What is Craft? Enjoyment? Mastery? The little things. Slow it down, learn to make something, lose yourself in something, become a master at something. This takes time, appreciation, love.
Somewhere along the way we have lost patience, we have neglected our ability to be awed, we have come to expect instant gratification with little to no effort. This must end. The very ideals of Craft and Art are fading into a snowstorm of electronic/commercial/social static.
No coffee from pods – brew it, taste it, experiment and learn flavour nuances
No insta-poetry / no social media snippets or sound bites – read a book, on paper, from classics to contemporaries
No AI – be your own brain. Write, draw, schedule, plan, dream, rebel, expand… on your own terms, through your own volition, with your results and failures in sight
No shortcuts / no GPS – take the long road, get tired, get hurt, experience things you never would have expected
This is not a anti-tech or anti-progress manifesto. It is a love-letter to Craft, Enjoyment, Mastery. Only through the little things that we can master we will continue to create lasting magnificence. After the little things have hooked you, the Big Things will beckon, and you will gladly seek them out.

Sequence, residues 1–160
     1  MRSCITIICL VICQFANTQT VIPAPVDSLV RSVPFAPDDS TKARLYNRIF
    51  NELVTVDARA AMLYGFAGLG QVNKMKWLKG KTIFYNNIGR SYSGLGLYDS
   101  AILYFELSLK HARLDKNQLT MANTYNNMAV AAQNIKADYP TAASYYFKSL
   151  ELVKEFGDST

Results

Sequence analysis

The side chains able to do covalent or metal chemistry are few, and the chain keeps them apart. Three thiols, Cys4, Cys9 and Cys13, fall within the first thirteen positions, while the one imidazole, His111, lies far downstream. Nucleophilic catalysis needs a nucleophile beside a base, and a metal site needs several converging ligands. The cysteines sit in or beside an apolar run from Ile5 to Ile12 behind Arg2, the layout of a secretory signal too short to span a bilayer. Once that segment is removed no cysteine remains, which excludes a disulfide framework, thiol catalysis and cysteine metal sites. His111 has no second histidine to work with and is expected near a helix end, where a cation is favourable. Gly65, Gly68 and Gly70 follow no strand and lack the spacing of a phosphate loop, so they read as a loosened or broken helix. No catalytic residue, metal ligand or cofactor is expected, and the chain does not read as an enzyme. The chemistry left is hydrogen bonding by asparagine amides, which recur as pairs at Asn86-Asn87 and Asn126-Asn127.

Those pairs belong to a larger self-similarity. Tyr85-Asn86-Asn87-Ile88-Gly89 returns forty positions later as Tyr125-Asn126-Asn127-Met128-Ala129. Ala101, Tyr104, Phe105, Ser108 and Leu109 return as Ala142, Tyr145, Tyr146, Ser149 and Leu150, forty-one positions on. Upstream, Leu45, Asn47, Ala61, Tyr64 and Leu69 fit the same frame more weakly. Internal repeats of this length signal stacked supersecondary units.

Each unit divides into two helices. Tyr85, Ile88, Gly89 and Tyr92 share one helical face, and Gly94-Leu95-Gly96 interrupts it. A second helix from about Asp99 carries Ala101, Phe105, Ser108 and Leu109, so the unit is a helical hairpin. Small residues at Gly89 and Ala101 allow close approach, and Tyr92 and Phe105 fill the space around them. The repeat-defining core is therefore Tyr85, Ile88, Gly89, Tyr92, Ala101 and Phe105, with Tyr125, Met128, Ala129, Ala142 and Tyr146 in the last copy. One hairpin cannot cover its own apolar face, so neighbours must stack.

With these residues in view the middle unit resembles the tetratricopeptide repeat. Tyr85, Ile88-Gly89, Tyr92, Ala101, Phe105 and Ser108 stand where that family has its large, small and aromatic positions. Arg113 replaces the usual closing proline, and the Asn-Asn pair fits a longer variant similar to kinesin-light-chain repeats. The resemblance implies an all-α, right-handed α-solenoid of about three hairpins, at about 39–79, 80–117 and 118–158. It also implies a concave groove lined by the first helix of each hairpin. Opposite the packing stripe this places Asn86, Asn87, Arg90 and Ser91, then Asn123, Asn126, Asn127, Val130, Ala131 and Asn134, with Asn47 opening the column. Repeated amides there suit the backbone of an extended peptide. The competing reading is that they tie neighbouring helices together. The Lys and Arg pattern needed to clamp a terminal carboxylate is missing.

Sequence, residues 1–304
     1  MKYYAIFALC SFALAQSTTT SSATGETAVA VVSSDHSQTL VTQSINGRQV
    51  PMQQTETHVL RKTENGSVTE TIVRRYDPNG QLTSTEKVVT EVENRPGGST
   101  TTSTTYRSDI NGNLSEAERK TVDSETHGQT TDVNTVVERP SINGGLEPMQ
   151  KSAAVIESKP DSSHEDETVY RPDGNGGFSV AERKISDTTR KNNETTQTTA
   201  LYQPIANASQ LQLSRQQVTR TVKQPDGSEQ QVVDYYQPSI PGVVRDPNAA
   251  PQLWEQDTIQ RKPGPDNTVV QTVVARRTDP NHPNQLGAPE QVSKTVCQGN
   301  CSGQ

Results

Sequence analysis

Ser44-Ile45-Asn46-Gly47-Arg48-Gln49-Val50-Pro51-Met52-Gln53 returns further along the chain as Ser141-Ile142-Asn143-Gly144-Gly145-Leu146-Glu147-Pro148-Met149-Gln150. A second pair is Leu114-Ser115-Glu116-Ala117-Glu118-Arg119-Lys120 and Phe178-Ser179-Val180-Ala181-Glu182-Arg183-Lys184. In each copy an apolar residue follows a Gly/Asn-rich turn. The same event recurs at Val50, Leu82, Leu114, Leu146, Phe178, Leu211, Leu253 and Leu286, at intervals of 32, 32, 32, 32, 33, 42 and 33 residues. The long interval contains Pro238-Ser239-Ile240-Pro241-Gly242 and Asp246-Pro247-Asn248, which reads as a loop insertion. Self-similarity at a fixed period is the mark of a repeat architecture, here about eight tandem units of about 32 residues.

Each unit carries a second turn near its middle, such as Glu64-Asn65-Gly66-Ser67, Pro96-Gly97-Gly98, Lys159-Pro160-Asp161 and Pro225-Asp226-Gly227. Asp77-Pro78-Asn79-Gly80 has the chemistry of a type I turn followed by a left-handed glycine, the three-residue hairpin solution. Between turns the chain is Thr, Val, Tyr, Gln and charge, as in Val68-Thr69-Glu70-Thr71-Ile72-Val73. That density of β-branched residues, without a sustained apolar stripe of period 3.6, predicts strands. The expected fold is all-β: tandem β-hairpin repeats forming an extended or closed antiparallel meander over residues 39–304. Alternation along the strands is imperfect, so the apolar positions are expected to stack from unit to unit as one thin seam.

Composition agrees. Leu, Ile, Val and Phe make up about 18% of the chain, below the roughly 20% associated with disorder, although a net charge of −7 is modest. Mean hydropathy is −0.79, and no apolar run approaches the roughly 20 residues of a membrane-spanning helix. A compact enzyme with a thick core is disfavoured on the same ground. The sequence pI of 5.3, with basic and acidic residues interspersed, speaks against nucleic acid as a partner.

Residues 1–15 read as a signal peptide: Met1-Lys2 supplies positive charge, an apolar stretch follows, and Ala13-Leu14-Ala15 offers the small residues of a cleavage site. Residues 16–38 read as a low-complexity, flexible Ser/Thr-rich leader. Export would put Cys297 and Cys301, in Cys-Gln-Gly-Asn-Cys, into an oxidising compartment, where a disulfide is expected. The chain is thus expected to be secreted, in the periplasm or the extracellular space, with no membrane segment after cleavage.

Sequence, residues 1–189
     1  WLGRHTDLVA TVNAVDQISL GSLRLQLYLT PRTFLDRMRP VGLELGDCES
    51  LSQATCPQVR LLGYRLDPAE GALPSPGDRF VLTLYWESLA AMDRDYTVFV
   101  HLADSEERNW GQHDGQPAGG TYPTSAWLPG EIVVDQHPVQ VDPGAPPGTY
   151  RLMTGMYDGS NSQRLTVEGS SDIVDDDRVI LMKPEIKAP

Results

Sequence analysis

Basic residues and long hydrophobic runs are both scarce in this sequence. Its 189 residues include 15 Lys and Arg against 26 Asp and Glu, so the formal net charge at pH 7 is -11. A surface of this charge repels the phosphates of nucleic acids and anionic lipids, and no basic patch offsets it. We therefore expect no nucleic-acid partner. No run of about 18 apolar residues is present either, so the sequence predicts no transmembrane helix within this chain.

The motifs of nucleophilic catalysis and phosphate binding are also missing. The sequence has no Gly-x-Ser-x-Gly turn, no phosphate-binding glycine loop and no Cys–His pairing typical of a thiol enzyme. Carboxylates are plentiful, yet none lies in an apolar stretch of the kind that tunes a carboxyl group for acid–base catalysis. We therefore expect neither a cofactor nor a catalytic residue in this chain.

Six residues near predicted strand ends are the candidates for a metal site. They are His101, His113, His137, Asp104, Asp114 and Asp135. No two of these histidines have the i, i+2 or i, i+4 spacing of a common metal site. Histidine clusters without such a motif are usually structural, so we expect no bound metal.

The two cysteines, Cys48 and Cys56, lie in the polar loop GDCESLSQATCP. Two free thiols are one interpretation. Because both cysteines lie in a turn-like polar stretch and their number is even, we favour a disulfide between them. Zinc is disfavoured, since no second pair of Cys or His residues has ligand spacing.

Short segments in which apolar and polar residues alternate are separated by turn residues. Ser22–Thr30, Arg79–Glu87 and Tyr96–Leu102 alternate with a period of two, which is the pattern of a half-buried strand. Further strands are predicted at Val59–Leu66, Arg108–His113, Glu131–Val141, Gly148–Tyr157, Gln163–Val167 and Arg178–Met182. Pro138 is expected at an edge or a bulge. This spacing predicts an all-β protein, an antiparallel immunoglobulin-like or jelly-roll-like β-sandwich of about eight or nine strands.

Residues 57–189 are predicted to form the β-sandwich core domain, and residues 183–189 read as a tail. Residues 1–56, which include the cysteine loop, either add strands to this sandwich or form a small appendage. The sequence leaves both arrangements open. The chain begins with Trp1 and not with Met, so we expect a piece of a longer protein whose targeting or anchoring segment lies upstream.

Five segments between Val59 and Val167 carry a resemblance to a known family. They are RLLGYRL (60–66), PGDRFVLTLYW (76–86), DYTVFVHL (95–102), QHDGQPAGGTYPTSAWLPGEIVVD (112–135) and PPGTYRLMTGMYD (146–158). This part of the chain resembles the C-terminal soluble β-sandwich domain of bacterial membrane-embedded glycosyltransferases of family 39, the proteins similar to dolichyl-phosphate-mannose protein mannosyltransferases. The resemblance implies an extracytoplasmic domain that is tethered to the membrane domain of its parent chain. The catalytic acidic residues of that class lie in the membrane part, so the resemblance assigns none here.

One of the best aspects of creative writing is the ability to manipulate, transform, mystify. Taking the everyday and making it sublime, ridiculous, awe-inspiring is a skill any writer should hone.
Anyone can describe. It takes a special talent to change what one sees in order to make it interesting, provocative, evocative for a reader. The “stuff” is the same, that original inspiration, but the execution is what counts. Without the ability to engage and entertain, we would all be but scribes, recording the everyday.
When you are writing, exercising the voice and vibe that makes the writing yours, remember that you must run everything through the filter of you. Failure to make the world around you yours, presented in such a way as to bring your world to others, will only result in boring retelling or rewording.
It was cherished
beyond all the other books
its pages read
‘til they fell
from the bindings
she ran inside
the second he’d
cut a sprig
it’s like rogue oregano comes back every year taking over the damn garden…
she slipped the tome
from the shelf
flipped to great-gran’s recipe
for “fabled” lamb
written in exotic cursive
they didn’t teach anymore
from aunts and daughters —
her own mother had used a ruler
to underline some ingredients
cross out others – faintly
so the original still showed through —
with suggested substitutions
with a scribe’s reverence
she penciled in
below the loops
to the right of the word
…imaging the exhilaration of finding a little piece of the puzzler inside the puzzle…